The Guardian had a piece where one accused scoffed at all this, and that it was all a mistake, coincidence really , move along, there’s nothing to see here, and that anyway Galloway is a rat. Turns out they were also feeding stuff to the Guardian itself, but of course that was of no moment.

    This contrasts with a factual piece in the same paper two months later that reveals that the two suspects, well, they’d been arrested and charged, written be the same reporter.


  81. dadsarmy says:

    Oldnat (from the survey)

    ““Scots who think independence would mean that more pride in their country has fallen from 67% in 2011 to 55% in 2012?

    This is as ambiguous as the devolution v independence question.

    Perhaps some people are so rpoud of their country they find it hard to imaging being more proud (apart from football and rugby!). And people might be so satisfied with Devolution, they want that to be recorded, more than their vague wish for independence.

    That’s why a multi-question survey can NOT be used as a poll. All the questions are interactive, and cause later questions to be leading questions. Curtice is being disingenuous, or worse.

  82. Amanayeman says:

    To me it seems quite plain. The British establishment are lying bastards. The mccrone report, WMDs in Iraq, the denial of the sinking of the Shefield, The oil will run out in 10- no we meant 20 no sorry 30 years and anyway there is only 800 million £s worth (this from the late 1960’s) . Just understand that they will lie, prevaricate,obfuscate and generally try to F-ck Us UP. Let us do an Alex Neil on them. Where they lie CALL THEM LIARS. And will the SNP get the finger out stop pussy footing around and lead the charge. Now going off for a glass of Ozzy red and to stop my big puddens eating my wee puddens.

  83. Bill C says:

    @Jeannie – There is ample evidence of how Britain employed ‘dirty tricks’ and ‘black ops’ to strangle (literally in some cases) independence movements. The following may be of interest:
    Yemen’s Useful Tyranny – The Forgotten History of Britain’s Dirty War by Mark Curtis
    Brtain’s Gulag: The Brutal End of Empire in Kenya by Caroline Elkids
    Histories of the Hanged – Britain’s Dirty WAr in Kenya by David Anderson
    Britain’s Dirty Colonial War in Ireland – A very British Jihad by Paul Larkin
    The Dirty War by Martin Dillon
    and of course our very own Britain’s Secret War – Tartan Terrorism and the Anglo American State by Andrew Murray Scott and Iain Macleay. This book devotes a chapter to the murder of Willie Macrae.
    My interest in the above was stimulated by conversations with friends and colleagues who were either involved or had witnessed first hand some of the subject matter of these books.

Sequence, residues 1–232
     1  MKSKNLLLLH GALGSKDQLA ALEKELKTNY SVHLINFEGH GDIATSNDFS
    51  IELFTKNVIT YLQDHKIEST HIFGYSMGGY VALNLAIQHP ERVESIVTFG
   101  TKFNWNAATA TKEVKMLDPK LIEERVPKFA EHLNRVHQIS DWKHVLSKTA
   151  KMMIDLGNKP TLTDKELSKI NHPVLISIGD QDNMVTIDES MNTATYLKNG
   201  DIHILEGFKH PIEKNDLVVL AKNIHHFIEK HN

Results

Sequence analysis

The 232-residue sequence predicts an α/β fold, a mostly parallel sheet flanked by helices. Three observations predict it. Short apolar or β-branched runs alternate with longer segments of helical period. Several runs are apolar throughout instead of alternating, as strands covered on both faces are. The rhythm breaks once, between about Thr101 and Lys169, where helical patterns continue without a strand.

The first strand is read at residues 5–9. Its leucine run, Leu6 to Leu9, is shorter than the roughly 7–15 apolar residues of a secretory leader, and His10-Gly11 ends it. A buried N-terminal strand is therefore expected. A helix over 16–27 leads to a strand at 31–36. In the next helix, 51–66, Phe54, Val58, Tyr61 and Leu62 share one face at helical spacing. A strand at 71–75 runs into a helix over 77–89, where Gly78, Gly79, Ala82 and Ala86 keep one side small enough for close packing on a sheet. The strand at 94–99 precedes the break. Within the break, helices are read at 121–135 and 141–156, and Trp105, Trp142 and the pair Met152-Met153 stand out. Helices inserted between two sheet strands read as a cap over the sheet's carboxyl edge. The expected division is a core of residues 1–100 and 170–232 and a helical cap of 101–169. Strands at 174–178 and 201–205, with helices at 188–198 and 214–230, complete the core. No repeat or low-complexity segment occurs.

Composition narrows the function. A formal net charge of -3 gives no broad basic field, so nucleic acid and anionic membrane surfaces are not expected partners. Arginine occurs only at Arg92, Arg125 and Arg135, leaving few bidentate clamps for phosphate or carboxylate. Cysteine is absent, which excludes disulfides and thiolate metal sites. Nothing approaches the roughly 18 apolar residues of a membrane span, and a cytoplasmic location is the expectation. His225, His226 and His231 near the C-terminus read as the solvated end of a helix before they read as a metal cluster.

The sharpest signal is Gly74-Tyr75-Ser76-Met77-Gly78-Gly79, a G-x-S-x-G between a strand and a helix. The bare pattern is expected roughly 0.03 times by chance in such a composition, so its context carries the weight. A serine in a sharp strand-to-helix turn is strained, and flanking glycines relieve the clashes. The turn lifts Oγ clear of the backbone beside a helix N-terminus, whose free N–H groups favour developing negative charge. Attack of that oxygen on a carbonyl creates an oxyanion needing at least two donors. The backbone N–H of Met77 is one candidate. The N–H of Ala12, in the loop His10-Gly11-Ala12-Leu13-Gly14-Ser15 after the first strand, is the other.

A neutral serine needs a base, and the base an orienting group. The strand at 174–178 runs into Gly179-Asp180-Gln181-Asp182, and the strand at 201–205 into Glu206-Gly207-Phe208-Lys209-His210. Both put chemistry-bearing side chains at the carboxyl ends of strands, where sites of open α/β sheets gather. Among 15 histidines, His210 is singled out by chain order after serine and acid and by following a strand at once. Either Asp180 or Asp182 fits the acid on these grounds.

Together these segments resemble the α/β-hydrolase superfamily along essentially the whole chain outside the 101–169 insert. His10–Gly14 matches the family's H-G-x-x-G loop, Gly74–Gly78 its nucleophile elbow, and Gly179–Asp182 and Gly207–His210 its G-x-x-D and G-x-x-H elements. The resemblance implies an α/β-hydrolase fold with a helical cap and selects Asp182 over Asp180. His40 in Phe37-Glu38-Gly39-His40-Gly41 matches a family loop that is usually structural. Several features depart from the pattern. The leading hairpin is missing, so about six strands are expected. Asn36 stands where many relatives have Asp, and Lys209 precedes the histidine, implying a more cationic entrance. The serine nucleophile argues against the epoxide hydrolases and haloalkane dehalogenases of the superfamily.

Britain’s involvement in fighting dirty wars against pro-independence movements is well documented, it is a history that no one in Britain should be proud of. 
    Similar tactics have been used, are being used and will be used against the independence movement in Scotland, anyone who thinks otherwise is guity of being a conspiracy theorist.

  84. Dal Riata says:

    @ Doug Daniel at 12.50pm
    Thanks for those excerpts from Manufacturing Consent re Propaganda – really fascinating and interesting. It’s like reading the UK MSM’s Mission Statement!

    @ scottish-skier
    Keep up the detailed analysis work, especially on polls. Your posts keep the spirits up while the present-UK Establishment tries to grind us down!

  85. Rev. Stuart Campbell says:

    “As Nick Davies is freelance I’d been really interested to see him undertake a two part piece on:”

    I have a crazy plan lined up for the end of this month that might even make that a thing that actually happened.

  86. Jeannie says:

    @Bill C
    Thanks for the references, Bill.  Glad I got a Kindle for Christmas!  It makes my blood boil the way some people think they’ve got more right to walk the face of the earth than others and are therefore entitled to make all the rules.

  87. Bill C says:

    @Jeannie – No problem, I’m afraid most of the material makes for grim reading. It is a murky, horrible world, alien to decent people; however it is the reality of taking on the British State!

  88. Cameron says:

    Coincidence or conspiracy? Duh. The MSM’s role is almost solely one of perception management, and it is a central component of the psychological warfare that is being conducted against us here in Scotland, and everywhere else come to that.